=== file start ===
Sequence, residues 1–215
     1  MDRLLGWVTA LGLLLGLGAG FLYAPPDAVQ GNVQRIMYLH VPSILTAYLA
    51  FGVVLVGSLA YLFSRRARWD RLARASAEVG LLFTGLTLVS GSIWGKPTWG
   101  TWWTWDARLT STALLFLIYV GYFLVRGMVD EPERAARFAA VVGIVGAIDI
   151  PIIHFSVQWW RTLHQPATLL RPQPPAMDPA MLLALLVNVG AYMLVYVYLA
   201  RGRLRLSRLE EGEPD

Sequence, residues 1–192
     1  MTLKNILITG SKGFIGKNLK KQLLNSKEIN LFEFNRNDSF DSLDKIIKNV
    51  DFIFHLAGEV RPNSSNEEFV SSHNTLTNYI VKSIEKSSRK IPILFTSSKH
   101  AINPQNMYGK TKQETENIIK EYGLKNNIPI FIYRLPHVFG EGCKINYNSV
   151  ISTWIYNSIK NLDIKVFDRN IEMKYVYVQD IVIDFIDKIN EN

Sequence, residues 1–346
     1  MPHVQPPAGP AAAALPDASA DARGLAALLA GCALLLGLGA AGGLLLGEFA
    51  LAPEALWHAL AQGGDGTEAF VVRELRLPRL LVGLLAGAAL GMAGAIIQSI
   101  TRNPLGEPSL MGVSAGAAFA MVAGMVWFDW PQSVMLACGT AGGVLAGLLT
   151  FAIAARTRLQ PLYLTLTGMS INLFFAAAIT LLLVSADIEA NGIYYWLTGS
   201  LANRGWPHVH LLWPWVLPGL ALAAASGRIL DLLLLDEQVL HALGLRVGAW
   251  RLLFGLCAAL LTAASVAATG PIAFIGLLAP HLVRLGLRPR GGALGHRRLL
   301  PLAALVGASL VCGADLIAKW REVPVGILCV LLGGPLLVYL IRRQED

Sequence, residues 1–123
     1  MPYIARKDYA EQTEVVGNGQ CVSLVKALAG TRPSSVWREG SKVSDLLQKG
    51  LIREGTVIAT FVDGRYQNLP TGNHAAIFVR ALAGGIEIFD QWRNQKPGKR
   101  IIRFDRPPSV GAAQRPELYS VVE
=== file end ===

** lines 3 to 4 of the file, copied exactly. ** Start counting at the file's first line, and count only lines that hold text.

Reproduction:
    51  FGVVLVGSLA YLFSRRARWD RLARASAEVG LLFTGLTLVS GSIWGKPTWG
   101  TWWTWDARLT STALLFLIYV GYFLVRGMVD EPERAARFAA VVGIVGAIDI